There followed a wild, often drug-fuelled journey through the 1960s, a spiritual epiphany in India, which inspired him to give away his possessions and later move to the English countryside with dreams of living off the land. He was tailed by Special Branch in racially segregated Rhodesia for declaring that black and white should be equal, and eventually forced out of the country. And his career revived with a steady stream of TV and theatre work.
My dad hadn’t heeded my mum’s advice. He’d spoken for 20 minutes with barely a pause. Finally the agent had her chance. Gathering her thoughts, she started explaining how all this might be tied into a book. As she began, she noticed that my dad’s eyes were shut. Her first thought was that he’d fallen asleep. “Are you ok?” she asked. There was no reply, no movement of any kind. His heart had stopped.
My dad’s obituaries described an actor who’d lived in both the limelight and the wilderness, and a man who didn’t bow to convention. They also hinted at a rift between him and his father, invariably referring to how the “disciplinarian” Ted had tried to block Andrew marrying so young. One report was more explicit.
“I was always taken aback when I heard Ted Ray talking about his sons in public,” the comedian Barry Cryer said in The Daily Express. “He would praise [his elder son, the broadcaster] Robin to the hilt but never Andrew. He always referred to him as ‘the other’. It was sad.”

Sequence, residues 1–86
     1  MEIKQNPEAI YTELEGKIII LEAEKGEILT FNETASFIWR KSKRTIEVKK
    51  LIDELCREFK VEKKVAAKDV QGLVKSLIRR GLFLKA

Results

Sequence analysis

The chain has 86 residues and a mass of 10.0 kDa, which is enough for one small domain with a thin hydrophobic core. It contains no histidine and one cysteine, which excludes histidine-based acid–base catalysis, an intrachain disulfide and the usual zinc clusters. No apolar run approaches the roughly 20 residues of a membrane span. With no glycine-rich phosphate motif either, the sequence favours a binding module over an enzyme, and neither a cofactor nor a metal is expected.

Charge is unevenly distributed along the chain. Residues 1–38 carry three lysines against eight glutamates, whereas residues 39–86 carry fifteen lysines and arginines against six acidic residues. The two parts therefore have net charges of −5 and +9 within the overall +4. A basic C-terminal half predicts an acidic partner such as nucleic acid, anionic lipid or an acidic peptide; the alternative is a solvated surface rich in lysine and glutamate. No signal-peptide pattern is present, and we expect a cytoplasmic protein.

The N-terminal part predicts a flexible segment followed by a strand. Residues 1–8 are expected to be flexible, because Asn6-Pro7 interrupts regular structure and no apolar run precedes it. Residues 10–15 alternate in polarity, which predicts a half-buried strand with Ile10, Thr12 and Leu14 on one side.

Ted and Andrew Ray differed in fundamental ways. Andrew could be impulsive and lived on the edge; Ted did things by the book.
Charlie Olden, as he was known before he adopted the stage name Ted Ray, was born in Wigan and grew up in a working-class home in Liverpool. “If you learn the violin,” his dad told him when he was a boy, “you’ll always have a living even if you have to play in the streets.” He heeded his words, and after stints as an office clerk and a ship steward, worked as a small-time dance band violinist.
Variety shows were the mainmass entertainment of the day, and the stand-up comics who played them adorned their routines with singing and dancing. Nedlo the Gypsy Fiddler – the ridiculous moniker Ted then went under, (Nedlo being Olden backwards) – mixed wisecracks with violin-playing, and cavorted on stage with what looked like a tablecloth on his head. Facing unforgiving crowds in dreary provincial towns he climbed his way up the bill, his gags relying less on spontaneity than a prodigious memory and virtuoso timing.